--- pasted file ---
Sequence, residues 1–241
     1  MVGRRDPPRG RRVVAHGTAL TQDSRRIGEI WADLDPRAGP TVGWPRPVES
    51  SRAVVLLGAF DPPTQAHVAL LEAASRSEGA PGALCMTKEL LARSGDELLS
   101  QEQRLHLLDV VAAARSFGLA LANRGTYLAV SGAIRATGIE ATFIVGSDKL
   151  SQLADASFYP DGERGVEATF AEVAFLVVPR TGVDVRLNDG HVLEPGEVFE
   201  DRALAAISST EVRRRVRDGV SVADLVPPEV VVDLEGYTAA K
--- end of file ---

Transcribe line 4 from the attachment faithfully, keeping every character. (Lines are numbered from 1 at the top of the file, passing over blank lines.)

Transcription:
   101  QEQRLHLLDV VAAARSFGLA LANRGTYLAV SGAIRATGIE ATFIVGSDKL